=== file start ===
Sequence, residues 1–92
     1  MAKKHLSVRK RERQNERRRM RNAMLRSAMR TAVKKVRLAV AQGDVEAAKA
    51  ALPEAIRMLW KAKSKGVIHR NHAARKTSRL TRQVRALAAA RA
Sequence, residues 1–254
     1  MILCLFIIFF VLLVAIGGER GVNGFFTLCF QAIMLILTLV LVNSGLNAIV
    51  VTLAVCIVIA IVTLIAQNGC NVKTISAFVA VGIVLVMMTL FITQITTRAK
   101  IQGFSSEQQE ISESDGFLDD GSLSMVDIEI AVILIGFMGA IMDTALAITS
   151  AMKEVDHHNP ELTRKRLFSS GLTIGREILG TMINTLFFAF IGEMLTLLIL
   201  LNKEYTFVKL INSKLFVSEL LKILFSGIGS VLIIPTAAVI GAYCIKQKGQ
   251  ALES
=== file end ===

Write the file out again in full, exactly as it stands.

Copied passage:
Sequence, residues 1–92
     1  MAKKHLSVRK RERQNERRRM RNAMLRSAMR TAVKKVRLAV AQGDVEAAKA
    51  ALPEAIRMLW KAKSKGVIHR NHAARKTSRL TRQVRALAAA RA
Sequence, residues 1–254
     1  MILCLFIIFF VLLVAIGGER GVNGFFTLCF QAIMLILTLV LVNSGLNAIV
    51  VTLAVCIVIA IVTLIAQNGC NVKTISAFVA VGIVLVMMTL FITQITTRAK
   101  IQGFSSEQQE ISESDGFLDD GSLSMVDIEI AVILIGFMGA IMDTALAITS
   151  AMKEVDHHNP ELTRKRLFSS GLTIGREILG TMINTLFFAF IGEMLTLLIL
   201  LNKEYTFVKL INSKLFVSEL LKILFSGIGS VLIIPTAAVI GAYCIKQKGQ
   251  ALES